BIRMINGHAM, Ala. - A new study recently published in the Journal of Thoracic and Cardiovascular Surgery questions whether patients with isolated moderate to severe mitral valve regurgitation should receive treatment in earlier stages instead of waiting until symptoms appear.
A team of UAB/VA investigators led by Lou Dell'Italia, M.D., a professor in the UAB Department of Medicine and Division of Cardiovascular Disease and associate chief of staff for research at the Birmingham VA Medical Center, suggests surgical repair of the valve while patients show no symptoms and retain normal left ventricular function may prove to have a greater benefit by restoring normal life expectancy in the majority of patients. The published results were accompanied by an editorial written by cardiovascular surgeons from the Mayo and Cleveland clinics.
Isolated mitral valve regurgitation (MR) is a condition affecting nearly 2.5 million patients in the United States. MR is leakage of blood backward through the mitral valve each time the left ventricle contracts. An aggressive form of mitral valve prolapse results in progressive leakage of the mitral valve that can result in impairment of cardiac function, ultimately leading to the development of heart failure.
"If people are asymptomatic, they don't go to the doctor regularly," Dell'Italia said. "The results of our study demonstrate severe underlying cardiac muscle damage in patients having moderate to severe MR in the absence of symptoms and in the presence of well-preserved cardiac function by echocardiography."
Dell'Italia and a multidisciplinary team of surgeons, pathologists, biologists and engineers probed the molecular changes that underpin patients' susceptibility to post-operative declines in cardiac function in patients with isolated MR. The team found that, despite well-preserved left ventricular systolic function prior to surgery, there was severe myocardial structural damage. The accompanying editorial states the UAB team "dramatically increases the number of potential mechanisms contributing to post-operative left ventrical dysfunction to include derangements in the cytoskeleton, mitochondria, and phagocytic/proteasomal pathways within cardiomyocytes."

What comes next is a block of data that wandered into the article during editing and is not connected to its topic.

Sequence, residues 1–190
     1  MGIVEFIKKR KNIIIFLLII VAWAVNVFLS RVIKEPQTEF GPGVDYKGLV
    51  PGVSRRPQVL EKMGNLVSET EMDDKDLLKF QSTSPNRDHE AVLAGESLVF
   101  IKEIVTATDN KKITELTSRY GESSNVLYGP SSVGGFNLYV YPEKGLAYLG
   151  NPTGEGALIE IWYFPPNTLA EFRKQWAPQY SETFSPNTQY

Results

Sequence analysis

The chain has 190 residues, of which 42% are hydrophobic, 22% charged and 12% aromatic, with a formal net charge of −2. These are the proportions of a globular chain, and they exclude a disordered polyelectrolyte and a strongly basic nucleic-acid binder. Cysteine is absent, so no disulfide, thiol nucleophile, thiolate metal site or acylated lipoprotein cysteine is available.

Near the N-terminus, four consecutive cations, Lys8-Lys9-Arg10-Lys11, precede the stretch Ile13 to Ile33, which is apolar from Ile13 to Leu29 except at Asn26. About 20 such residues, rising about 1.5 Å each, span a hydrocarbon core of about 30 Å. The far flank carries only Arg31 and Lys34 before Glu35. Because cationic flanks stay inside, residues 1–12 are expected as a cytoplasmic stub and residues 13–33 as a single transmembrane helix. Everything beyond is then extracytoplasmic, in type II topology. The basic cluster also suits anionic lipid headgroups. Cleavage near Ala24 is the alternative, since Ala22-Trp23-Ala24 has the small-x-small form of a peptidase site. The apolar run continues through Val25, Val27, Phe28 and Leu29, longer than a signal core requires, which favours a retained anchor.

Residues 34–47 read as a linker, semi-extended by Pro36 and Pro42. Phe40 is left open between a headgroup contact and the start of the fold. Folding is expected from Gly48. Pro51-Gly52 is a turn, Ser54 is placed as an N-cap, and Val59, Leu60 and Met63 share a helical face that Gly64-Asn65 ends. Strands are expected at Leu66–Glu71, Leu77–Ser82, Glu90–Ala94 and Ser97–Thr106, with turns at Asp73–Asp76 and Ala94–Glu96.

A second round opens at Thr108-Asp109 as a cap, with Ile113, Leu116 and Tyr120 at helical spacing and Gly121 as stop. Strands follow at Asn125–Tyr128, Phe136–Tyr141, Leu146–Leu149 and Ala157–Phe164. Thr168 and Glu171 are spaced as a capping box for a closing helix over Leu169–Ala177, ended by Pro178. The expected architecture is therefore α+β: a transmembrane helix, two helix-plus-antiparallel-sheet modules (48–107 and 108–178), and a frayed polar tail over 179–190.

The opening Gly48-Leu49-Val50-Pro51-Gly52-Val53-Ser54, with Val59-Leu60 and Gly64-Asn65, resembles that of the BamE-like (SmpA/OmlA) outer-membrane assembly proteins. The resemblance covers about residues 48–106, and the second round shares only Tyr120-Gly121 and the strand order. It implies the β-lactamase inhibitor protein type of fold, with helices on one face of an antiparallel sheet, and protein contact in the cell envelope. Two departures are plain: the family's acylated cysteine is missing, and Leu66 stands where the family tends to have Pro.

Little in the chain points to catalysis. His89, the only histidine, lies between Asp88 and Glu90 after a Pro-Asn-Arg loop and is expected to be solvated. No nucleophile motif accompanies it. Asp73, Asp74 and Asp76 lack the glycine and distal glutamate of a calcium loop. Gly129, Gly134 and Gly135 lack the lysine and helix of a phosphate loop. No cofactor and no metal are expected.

"Now the challenge is to uncover the upstream driver of these molecular changes," Dell'Italia said. "Which changes are viable drug targets that drive the development of cardiac dysfunction following surgery, and which are readily reversible?"
In addition to findings of the UAB team, Rakesh Suri, M.D., a cardiovascular surgeon from the Cleveland Clinic and co-author of the editorial, studied a similar group of patients with degenerative MR and preserved left ventricle function and discovered that approximately one out of five patients develops early left ventricular dysfunction and heart failure after mitral valve repair.
Section Chief of Adult Cardiac Surgery at UAB, James Davies, M.D., says that looking at the echocardiogram is not the ultimate answer to determine if the ventricle is weakening.
"Our work in the heart muscle combined with Suri's brings together mechanism and outcome in the etiology of post-operative left ventricular dysfunction," Davies said. "Having such data in hand provides the background for better conversations with future patients about having early heart surgery to prevent long-term damage, especially in the absence of symptoms. Using such a preventive measure will affect our practice in that we can be more insistent with patients that this is the best option."
Davies says that, in the absence of symptoms, it is natural for people to believe they do not have a problem.
"I think it's very important that this data solidifies the mind of the surgeon that this is the right thing to do when you have documented severe leakage," Davies said.
Dell'Italia believes it is important to note that people who suffer from mitral valve prolapse should not rush to worry about having heart surgery.
Mitral valve prolapse is the most common heart valve condition, affecting 5 percent of the population in the United States. With mitral valve prolapse, the mitral valve bulges slightly back into the left atrium when it closes, allowing a small amount of blood to leak backward. Isolated mitral valve regurgitation is a severe form of mitral valve prolapse.
Davies and Dell'Italia say that, while the science is promising, the challenge is to change the routine guidelines that have been set for the past 40 years.
"To accomplish this goal, we must have patients, surgeons and cardiologists all on the same page calling upon reliable outcome data and mechanistic insight," Dell'Italia said.
Work by UAB investigators continues under NIH and VA funding to identify a novel circulating biomarker based on the heart tissue findings that provides a more specific time point for surgery. Further work is ongoing to determine whether the magnitude of molecular derangements at the time of surgery is predictive of recovery of ventricular function in larger cohorts of patients.